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Keith Richards' essential advice for songwriting


If anybody in the music business is well-equipped to hand out songwriting advice, it’s The Rolling Stones guitarist Keith Richards. He has close to 60 years of experience and knows precisely what tropes to undertake and which ones to avoid. alongside the rest of the band, he has delivered some of rock and roll’s finest tracks.

Keith Richards’ mercurial songwriting partnership with Mick Jagger is one of the finest commodities in rock ‘n’ roll. Individually, they might not be supreme songwriters, but beautiful alchemy occurs once the two men come together. It means that the art of songwriting is one space where Richards’ advice should always be heeded.

When putting together a song, many songwriters treat it like they would a normal job and sit around for hours trying to mine their minds for the perfect line, but that’s not how Richards works. It can be normal for him to go months without picking up a guitar or pen and then work at a prolific pace once his brain falls into gear.

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Richards maintains he doesn’t need to be in the world’s most luxurious studio, and the location of his body is irrelevant. Instead, it’s where his head and heart are, which is most important to the guitarist.

During a Q&A with fans on his YouTube channel, Richards explained: “I think that writing songs has little to do with places and spaces.” He continued: “And it doesn’t matter where you are if going to write a song. Songs are written not mechanically. Not in rooms. They are written inside. So it wouldn’t matter where”.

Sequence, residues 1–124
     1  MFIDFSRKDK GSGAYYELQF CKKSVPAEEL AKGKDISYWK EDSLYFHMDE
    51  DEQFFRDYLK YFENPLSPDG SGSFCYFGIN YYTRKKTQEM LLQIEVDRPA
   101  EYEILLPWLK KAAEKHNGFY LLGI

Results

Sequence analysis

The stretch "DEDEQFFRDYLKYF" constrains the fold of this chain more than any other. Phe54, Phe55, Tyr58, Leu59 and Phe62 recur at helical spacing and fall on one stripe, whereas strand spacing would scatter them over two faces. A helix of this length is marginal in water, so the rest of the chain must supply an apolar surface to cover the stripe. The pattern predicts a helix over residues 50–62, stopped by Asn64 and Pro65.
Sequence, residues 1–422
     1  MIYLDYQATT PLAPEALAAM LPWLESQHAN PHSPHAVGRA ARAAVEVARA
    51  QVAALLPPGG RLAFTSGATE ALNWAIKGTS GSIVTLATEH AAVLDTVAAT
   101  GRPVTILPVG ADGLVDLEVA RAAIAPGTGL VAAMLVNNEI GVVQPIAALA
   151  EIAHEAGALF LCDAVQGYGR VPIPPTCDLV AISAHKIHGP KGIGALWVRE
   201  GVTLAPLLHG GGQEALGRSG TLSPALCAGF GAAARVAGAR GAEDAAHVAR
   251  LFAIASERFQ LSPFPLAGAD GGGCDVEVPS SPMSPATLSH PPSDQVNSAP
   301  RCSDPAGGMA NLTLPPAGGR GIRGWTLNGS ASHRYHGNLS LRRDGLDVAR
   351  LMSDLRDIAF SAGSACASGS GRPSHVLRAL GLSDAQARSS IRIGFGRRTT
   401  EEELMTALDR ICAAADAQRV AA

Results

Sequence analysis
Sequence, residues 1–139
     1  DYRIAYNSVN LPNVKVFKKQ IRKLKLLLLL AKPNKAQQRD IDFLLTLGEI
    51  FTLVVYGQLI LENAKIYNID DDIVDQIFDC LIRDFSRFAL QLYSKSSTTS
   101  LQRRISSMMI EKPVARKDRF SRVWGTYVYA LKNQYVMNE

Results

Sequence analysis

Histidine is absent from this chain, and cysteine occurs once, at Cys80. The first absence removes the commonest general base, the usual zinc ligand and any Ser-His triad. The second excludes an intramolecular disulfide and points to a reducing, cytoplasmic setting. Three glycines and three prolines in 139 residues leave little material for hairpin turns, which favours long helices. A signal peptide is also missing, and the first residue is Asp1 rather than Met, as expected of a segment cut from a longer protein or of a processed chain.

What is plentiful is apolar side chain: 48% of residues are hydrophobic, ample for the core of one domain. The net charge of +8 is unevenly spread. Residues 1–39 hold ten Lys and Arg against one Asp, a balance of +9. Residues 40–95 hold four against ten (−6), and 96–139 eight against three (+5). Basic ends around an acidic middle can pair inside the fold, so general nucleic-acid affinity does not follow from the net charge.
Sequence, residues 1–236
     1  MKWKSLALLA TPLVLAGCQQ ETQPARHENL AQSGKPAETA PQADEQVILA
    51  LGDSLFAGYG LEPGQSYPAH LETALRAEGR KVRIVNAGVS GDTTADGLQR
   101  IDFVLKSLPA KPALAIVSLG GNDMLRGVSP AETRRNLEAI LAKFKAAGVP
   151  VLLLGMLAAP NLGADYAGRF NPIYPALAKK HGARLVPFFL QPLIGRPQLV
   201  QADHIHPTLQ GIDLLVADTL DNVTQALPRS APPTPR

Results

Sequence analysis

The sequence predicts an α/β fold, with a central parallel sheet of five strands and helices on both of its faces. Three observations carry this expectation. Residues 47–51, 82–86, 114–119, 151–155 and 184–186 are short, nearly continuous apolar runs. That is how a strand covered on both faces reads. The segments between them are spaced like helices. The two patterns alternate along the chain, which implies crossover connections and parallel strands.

While Richards’ advice does veer into pretentious territory, it’s true. Some of the most adored tracks have been written in teenage bedrooms. He believes there’s no guarantee of a correlation between the quality of a studio and the output created within its vicinity.

The guitarist again touched on this topic with Rolling Stone in 2020, and Richards made it clear there are no rules where creativity is concerned. “When you’re writing songs, there are no fucking rules. In fact, you’re looking to break them,” he explained. “You’re looking to sort of find the next missing chord. You’re looking to find the next best way to express things. Writing songs is not about the lyrics one side and music on another.”

He continued: “It’s about the two coming together. You can be a great poet and you might write some lovely music. But the art and the beauty of writing songs is to pull those two together, where they seem to love each other. That’s writing songs.”

Richards’ final point regarded spontaneity and how too much planning can often be a recipe for disaster. He added: “It should be spontaneous. Absolutely the guy that’s actually doing it (shouldn’t) know where it comes from. It just appears at your fingertips. Is coming out of the instrument.”

The Rolling Stones‘ guitarist’s three-point plan for success won’t work for everybody, but it shows how he operates. Richards doesn’t follow a formula. Instead, he lets the music flow through his body, and his sole job is to extract it into a recording.